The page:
Palm Springs Law Blog

Monday, January 15, 2024

Clear Choices, Clear Care: Simplifying Advance Medical Directive for Desert Communities

Discussions about advanced care planning are difficult, but if you should become seriously ill, knowing your wishes will help your family cope with end-of-life decisions. Telling loved ones about your preferences is a good start. Putting those preferences in a legal document called an advanced directive is even better. 

What is an advanced medical directive?

Advanced medical directives typically include a durable power of attorney for healthcare and a living will. The two directives work together to provide instructions for your medical care if you are unable to advocate for yourself. 

Durable Power of Attorney for Health Care

This document names your healthcare proxy — the person who will make healthcare decisions on your behalf if needed. Your representative should be someone who knows you well and with whom you have discussed your healthcare wishes. 

Being named as the durable power of attorney for healthcare gives that person the legal power to make healthcare decisions on your behalf. Having a healthcare surrogate helps you plan for unforeseen medical emergencies like a stroke. 

Living Will

A living will is a legal document that informs your medical team which treatments you do and do not want during an emergency and which conditions your choices apply to. Having a living will helps your durable power of attorney for health care know they are making the decisions you would make if you were able.  

Who needs an advanced medical directive?

A medical crisis can strike at any time. Advanced planning for medical care isn’t just for people who are old or seriously ill. Planning at any age will ensure your medical team knows your preferences and that someone you trust will be advocating for your care. 

Creating an Advanced Medical Directive

In California, advanced medical directives need to be written documents. An Advanced Estate Planning attorney will help you with every step of creating and formalizing this document. Relying on an experienced attorney will ensure your medical directive is in order.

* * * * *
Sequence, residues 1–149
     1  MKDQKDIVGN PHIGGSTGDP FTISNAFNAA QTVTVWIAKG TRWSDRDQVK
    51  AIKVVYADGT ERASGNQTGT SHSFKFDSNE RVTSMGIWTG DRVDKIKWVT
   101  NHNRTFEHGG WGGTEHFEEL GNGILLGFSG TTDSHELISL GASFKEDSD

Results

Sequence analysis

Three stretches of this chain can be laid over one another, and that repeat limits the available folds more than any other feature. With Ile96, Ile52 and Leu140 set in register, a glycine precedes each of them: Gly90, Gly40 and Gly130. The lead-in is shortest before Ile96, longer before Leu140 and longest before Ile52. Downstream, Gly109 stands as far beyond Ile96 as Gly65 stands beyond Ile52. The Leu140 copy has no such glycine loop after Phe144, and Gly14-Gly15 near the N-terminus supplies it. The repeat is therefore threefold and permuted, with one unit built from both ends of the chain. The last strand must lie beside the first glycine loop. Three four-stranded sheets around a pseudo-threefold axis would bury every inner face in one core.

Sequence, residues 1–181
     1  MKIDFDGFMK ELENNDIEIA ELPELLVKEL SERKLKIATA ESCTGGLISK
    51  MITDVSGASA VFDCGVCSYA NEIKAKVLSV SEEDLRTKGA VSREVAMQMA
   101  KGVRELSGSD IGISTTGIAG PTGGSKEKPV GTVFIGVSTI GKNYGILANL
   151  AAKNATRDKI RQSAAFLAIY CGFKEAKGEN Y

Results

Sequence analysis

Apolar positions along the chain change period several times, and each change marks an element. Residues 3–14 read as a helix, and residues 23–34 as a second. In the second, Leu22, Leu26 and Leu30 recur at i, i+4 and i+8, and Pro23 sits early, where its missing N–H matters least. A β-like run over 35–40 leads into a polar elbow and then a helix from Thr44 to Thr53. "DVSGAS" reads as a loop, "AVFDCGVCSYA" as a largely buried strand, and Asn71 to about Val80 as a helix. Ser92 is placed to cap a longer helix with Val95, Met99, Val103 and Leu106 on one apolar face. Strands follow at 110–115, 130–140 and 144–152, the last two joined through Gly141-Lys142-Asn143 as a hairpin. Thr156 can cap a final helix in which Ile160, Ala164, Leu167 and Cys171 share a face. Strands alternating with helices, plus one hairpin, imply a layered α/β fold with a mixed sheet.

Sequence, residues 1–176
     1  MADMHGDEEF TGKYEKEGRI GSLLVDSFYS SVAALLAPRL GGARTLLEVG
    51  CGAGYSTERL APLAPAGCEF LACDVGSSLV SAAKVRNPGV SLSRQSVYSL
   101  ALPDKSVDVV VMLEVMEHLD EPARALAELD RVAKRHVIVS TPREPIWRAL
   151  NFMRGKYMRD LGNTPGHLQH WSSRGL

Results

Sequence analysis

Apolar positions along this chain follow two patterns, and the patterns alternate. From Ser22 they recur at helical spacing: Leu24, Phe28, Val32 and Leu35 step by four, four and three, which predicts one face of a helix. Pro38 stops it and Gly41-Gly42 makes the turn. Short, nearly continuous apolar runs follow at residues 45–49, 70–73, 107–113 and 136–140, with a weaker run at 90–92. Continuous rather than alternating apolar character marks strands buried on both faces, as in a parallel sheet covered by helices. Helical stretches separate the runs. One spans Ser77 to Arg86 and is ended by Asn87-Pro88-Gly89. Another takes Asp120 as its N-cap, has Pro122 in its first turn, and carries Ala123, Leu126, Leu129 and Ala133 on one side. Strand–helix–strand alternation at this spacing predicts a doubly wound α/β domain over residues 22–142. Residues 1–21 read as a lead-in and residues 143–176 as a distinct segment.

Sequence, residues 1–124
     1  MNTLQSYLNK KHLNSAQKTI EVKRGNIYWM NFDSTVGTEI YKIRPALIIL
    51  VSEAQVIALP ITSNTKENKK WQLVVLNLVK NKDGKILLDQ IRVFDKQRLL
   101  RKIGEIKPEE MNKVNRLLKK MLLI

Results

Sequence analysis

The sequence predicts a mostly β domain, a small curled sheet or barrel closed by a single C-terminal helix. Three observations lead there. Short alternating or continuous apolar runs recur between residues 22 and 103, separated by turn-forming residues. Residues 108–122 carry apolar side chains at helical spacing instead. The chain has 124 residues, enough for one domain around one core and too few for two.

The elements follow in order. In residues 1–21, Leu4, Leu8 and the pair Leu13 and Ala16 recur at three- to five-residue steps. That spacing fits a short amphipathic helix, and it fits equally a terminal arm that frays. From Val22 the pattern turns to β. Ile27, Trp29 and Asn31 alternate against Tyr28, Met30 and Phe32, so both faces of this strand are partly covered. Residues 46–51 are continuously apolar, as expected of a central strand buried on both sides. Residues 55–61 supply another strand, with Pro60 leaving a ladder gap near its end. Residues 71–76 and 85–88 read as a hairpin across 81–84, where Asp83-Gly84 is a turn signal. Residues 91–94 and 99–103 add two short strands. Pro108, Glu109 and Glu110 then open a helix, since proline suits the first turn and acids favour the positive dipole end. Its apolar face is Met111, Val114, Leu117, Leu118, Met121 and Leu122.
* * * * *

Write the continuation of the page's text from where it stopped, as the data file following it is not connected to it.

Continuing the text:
Once it has been completed, review your directives with your regular physician. Also, consider taking the following precautions:

  • Keep the original documents in a safe but accessible place

  • Give a copy to your healthcare provider

  • Talk to your closest family members about your advance directive

  • Carry a card that indicates you have advance directives and where the verifying documents can be found

  • Bring a copy of your directives with you when you travel

You can change your directives at any time. If your health status changes or there are advances in healthcare technology, you can make new directives to reflect your new preferences. Some reasons for updating advanced directives include getting a new diagnosis and changes in marital status. Advanced directives should be reviewed and updated about every ten years. 

Does an advance health directive guarantee my wishes will be honored?

You cannot plan for every medical scenario. There may be circumstances in which your wishes cannot be followed exactly. If there is a complex medical emergency, your proxy may be unclear on your wishes. 

A healthcare provider may refuse to follow your directive if it goes against the hospital’s policy or accepted standards of healthcare. Rarely, the instructions in an advanced directive may go against the health provider’s conscience or personal beliefs. If this happens, the provider is obligated to speak with the healthcare proxy and allow your care to be transferred to another provider. 

Start Preparing an Advanced Medical Directive Today

Start your advanced medical care planning by reflecting on your personal wishes. You may want to speak with your physician or spiritual advisor to make decisions you are fully comfortable with. Once you are ready to put your wishes on paper, schedule an appointment with one of the experienced advanced estate planning lawyers at Heritage Legal, PC, in Palm Springs, CA.

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